GNC has announced that it would be implementing new quality control measures for the herbal supplements sold by the company. GNC is expanding its testing process throughout its supply chain to ensure that its supplements are truly made using the ingredients listed on the box. Sign displays in stores and information posted on the company’s website will be used to explain the process of creating the supplements and the differences between extracts and whole herbs. GNC is currently the leading retailer of dietary supplements in the United States.
GNC and other major retailers were accused by New York Attorney General Eric Schneiderman of selling herbal supplements that contained potentially harmful fillers and contaminants. Herbal supplements sold by New York locations of the cited stores were tested by the attorney general’s office. The attorney general’s office found that only 21% of the samples actually contained DNA from the plants listed on the product’s labels.
Some tested GNC products were found to contain a variety of contaminants, including asparagus, rice, spruce, houseplant and legume, among other things. Schneiderman sent letters to the accused companies in February asking them to stop selling several of their popular herbal supplements due to the questionable content of the products.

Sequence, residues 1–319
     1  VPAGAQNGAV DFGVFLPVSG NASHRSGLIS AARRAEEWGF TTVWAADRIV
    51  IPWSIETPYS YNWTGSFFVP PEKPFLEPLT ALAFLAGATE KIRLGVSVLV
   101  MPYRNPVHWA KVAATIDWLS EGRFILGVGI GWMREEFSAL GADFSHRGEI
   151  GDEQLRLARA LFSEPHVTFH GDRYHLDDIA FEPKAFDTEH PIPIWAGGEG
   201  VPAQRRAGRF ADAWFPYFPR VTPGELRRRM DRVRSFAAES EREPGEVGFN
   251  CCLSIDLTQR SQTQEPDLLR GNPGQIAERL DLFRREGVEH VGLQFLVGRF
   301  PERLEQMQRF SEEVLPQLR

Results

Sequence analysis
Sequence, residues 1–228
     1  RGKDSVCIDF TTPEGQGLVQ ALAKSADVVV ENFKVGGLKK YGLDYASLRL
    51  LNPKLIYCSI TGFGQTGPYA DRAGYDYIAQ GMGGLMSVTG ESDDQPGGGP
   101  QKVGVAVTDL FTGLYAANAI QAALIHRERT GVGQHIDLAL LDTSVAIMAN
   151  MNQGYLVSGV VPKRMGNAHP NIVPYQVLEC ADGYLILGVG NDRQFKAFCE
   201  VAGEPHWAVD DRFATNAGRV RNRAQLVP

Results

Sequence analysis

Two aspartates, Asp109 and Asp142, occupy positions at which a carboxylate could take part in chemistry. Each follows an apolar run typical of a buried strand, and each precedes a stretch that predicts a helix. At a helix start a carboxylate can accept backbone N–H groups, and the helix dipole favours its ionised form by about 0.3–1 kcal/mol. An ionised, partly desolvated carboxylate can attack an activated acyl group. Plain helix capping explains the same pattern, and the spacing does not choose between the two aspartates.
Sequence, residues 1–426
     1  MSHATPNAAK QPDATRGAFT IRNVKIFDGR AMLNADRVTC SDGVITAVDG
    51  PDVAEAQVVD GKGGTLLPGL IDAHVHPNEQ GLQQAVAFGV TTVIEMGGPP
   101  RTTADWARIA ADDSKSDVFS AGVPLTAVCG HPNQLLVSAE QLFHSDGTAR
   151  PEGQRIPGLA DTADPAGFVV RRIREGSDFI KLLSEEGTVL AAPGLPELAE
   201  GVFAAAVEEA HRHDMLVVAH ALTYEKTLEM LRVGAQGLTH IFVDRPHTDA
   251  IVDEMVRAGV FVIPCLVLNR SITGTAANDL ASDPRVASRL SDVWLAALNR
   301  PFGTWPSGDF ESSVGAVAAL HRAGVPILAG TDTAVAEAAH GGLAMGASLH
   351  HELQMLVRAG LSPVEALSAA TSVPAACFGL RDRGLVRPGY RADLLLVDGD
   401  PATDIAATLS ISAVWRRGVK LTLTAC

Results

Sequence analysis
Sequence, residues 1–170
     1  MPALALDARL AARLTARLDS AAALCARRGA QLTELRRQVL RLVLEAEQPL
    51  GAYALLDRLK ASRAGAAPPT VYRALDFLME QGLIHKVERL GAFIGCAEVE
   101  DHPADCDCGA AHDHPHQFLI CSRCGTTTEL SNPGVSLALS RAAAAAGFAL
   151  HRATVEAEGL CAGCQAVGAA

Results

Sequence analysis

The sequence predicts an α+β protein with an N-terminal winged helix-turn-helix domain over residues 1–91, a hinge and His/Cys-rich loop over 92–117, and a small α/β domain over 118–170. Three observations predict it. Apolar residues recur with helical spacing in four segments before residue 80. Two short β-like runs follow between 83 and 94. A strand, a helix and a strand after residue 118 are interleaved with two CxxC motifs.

The business practices of the herbal supplement industry have been under increasing scrutiny over the past few years. The market for herbal supplements, worth $60 billion worldwide, is very lightly regulated when compared to other products consumed by people. Herbal supplements are not subject to the same level of scrutiny as drugs are by the U.S. Food and Drug Administration. This has led to a number of reported issues with the quality of herbal supplements.
GNC has also announced plans to begin testing their supplements for the eight most common allergens, including tree nuts, wheat and soy. Failing to identify and list all of the ingredients in herbal supplements could result in a dangerous allergic reaction in consumers with food allergies and those who are taking medications that could interact negatively with the ingredients. The company’s new quality control measures are the first testing standards for herbal supplements to exceed the current requirements of the Food and Drug Administration. The new policies will be introduced over the next 18 months.
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